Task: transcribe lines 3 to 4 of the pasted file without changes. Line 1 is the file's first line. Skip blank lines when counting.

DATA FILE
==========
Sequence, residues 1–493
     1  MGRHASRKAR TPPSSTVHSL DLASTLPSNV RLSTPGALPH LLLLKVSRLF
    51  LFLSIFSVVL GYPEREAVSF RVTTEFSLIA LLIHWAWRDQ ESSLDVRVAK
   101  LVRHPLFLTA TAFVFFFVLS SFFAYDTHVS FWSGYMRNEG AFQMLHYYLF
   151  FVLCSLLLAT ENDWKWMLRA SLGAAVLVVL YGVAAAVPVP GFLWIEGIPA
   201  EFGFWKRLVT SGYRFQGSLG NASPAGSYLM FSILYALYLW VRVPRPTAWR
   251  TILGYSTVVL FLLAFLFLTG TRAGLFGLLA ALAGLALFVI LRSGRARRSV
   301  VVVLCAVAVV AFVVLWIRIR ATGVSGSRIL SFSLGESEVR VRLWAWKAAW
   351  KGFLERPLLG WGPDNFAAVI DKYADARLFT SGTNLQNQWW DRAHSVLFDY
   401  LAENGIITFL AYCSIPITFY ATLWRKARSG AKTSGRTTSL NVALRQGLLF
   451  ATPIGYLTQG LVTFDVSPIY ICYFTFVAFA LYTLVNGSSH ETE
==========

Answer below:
    51  LFLSIFSVVL GYPEREAVSF RVTTEFSLIA LLIHWAWRDQ ESSLDVRVAK
   101  LVRHPLFLTA TAFVFFFVLS SFFAYDTHVS FWSGYMRNEG AFQMLHYYLF